How long do tattoos take to heal?
Even more so if they have been getting tattooed recently. But how exactly does the process of healing work? And how long must you wait until you can get back to work?
In this post, we’re going to take a closer look at the different steps of the healing process and what you can expect during the first 12 weeks.
Tattoo Aftercare: Tips and Tricks
Getting a new tattoo is a special and exciting moment for almost every person. The idea of getting “inked” gets your adrenaline going. However, it is a well-known fact that the experience can be painful, and you need to be prepared for it. Once it is done, how do you maintain the quality of your new tattoo and how long does it take to heal? This article will help you mitigate the risks of getting a tattoo. It is built upon an extensive research about tattoo aftercare.
First of all, the tattoo will hurt, no matter what.
In fact, you can feel all kinds of sensations, like itchy, burning, hot and cold. The intensity of the pain will depend on a few factors. For example, the density of the tattoo, its size, and the place where it is located.
Also, the graver the artist uses, the more discomfort you will experience. Now, the area in which you typically keep your tattoo will also affect your healing, as some areas are more prone to infections.
The ink is injected into your skin, and it is crucial to care for it to avoid infections, redness, and scabs. Doing so can help you establish new and better skin layers than your previous ones.
Post-Tattoo Session Care
Like a fresh wound, a new tattoo should be kept covered for the next 72 hours. This allows the tattoo to heal without being exposed to outside contaminants, and it also keeps your friends and co-workers from asking you what the heck that is on your arm. Keeping the area elevated while resting will also minimize the likelihood of fluid build-up.
After the first 72 hours, there are several things you can do to help the healing process along, though the most important thing to remember is to keep it covered. Your body is not likely to reject the tattoo, but for the first 10 days or so, it’s susceptible to being pulled at by your underclothing. Keep it covered.
Once you’ve gotten passed the 10 day mark, you can peel off the bandage and/or take a nice, hot shower to help abrade away any scabbing, dead skin, or excess ink. Once per day throughout this period, you can apply a little *iodine tincture over the tattoo to help sterilize it, though it’s not necessarily a necessity.
Tattoo artist Rose Baxter recommends applying a thin coat of zinc oxide ointment to your tattoo to keep it moisturized and encourage the healing process. Most tattoo inks contain propylene glycol, which is a humectant and will draw moisture to itself.
Week Two Care
If you looked forward to getting tattooed during your first visit, this week when you are getting tattooed, you may be dreading it. Don’t worry. You have made it this far on your journey. You have made it through several hours of tattoo work. And you will get through the next few days and that last session as well.
All that week, and next week, the artist is going to be working to reduce any discoloration, eliminate blurry areas and close the gaps in the design.
To speed that along, follow the directions for care and feeding during these difficult days.
Lose the deodorant. And wear loose-fitting clothing, ideally shirts with long sleeves.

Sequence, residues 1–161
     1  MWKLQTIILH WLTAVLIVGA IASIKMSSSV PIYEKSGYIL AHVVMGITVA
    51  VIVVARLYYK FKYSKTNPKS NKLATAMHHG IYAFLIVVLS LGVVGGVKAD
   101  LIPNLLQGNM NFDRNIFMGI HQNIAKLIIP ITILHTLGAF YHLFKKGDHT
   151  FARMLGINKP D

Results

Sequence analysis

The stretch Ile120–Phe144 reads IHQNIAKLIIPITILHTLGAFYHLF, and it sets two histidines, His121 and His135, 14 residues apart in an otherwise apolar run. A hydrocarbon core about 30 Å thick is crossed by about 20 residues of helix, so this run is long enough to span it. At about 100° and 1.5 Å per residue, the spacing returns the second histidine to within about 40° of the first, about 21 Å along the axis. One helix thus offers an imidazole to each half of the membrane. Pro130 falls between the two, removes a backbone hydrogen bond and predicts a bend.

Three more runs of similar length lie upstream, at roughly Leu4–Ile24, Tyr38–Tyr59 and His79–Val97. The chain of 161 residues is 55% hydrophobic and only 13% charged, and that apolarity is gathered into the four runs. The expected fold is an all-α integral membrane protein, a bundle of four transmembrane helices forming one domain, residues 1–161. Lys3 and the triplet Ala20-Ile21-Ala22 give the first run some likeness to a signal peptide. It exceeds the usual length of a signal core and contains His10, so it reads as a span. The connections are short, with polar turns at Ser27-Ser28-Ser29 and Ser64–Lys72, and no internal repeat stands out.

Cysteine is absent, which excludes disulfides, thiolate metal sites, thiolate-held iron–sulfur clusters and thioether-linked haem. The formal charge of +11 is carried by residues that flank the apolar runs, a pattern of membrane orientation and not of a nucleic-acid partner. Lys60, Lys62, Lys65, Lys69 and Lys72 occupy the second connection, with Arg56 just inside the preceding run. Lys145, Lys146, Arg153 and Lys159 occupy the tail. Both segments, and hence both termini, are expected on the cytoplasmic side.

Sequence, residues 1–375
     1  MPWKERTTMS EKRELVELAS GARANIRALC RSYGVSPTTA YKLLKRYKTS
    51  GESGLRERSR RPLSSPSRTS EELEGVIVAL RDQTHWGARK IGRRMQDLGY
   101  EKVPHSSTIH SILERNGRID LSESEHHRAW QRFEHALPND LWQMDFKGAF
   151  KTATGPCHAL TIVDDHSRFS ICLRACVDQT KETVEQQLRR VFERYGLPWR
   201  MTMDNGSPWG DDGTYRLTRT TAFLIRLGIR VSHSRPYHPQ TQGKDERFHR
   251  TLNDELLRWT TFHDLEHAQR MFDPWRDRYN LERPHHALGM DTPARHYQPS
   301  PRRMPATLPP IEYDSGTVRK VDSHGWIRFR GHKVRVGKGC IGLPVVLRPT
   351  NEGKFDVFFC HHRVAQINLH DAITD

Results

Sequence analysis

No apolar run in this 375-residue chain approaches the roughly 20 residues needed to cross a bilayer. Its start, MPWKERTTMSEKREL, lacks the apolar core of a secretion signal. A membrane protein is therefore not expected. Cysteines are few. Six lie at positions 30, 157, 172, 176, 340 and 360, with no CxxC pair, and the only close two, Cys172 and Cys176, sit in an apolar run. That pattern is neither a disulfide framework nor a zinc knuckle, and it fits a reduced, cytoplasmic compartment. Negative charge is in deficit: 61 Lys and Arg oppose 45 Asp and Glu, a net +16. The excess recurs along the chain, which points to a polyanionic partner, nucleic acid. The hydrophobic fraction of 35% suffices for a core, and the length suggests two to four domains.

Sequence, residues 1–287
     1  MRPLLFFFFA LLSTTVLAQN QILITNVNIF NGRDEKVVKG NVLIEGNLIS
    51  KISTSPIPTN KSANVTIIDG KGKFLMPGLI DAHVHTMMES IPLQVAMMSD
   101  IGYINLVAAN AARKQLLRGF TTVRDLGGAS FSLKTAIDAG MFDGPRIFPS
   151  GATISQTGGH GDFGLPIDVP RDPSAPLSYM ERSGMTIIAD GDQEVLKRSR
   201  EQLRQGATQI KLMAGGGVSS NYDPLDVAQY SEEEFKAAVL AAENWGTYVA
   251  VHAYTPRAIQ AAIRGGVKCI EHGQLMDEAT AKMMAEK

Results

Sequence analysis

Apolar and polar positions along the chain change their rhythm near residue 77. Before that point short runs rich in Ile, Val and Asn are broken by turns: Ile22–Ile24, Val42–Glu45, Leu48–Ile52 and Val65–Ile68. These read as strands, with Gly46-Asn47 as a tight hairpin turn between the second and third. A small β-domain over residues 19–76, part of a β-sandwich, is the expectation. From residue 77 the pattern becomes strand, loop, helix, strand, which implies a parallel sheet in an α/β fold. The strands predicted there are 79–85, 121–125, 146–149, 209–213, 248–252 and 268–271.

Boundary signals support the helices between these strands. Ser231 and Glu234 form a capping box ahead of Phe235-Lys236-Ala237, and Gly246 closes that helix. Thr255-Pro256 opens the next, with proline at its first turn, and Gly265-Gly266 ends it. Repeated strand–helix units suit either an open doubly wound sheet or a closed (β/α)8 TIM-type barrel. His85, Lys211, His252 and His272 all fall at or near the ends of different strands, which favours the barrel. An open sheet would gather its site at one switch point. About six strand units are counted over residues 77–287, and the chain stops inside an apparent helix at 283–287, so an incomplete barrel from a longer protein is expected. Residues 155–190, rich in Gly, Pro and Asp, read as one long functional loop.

Don’t sit too long in one place without moving around. Take breaks where you stand up and stomp or shake your arms and legs. Roll your wrists and then stretch them out.
You want to eliminate any pressure on your newly inked skin, reduce inflammation and minimize swelling. Every time you put pressure on the inked area, you risk damaging that new skin before it has a chance to heal.
Reducing swelling will help to reduce injury and ensure a more pain-free healing period.
Remember, you’ve started a project that will now encompass your entire life.
Weeks Three Onwards
From weeks 3 to 4, you can begin to wash the tattoo as you would like, but with only cool water and 1 % saline to reduce the chance of infection.
During this time period your tattoo should begin to fade to a pale yellow color. It would be normal for it to develop small bumps, flare up a little and peel here and there throughout the healing process. Typically, the skin underneath your tattoo will darken and thin a bit.
Make sure you sleep on a clean pillowcase every night to prevent your pillow from abrading your tattoo. With normal sleep, general activity, and time, you can expect a fresh tattoo to be healed in weeks 3 to 4.
Other Things to Remember
If you go with a flash design, which is a pre-drawn tattoo, your artist won't have to spend as much time on the tattoo itself. The best place to find flash designs is the internet.
You can find flash artwork online by searching for tattoo design websites and checking out their flash galleries. The best flash galleries are very high quality.
If you decide to go with an original design, have a check at their portfolio and see what they've done in the past. Make sure they have experience in the style you want.
Hiring an artist without the right experience may be an expensive mistake. The healing time for a tattoo varies by size of the tattoo, where it is on the body and the materials used.
In general, you can expect a medium sized tattoo to take between 10 and 14 days to heal fully.
If the tattoo is over a bone, such as the hand or foot, it's even harder for the tattoo to heal completely and this may prolong the healing time by a week or so.
Studies have shown that hydration, nutrition and the use of a proprietary skin care oil are key to a tattoo's healing process.
Also, you need to start taking care of your tattoo immediately after getting a tattoo. You need to keep it really clean, especially if it is new.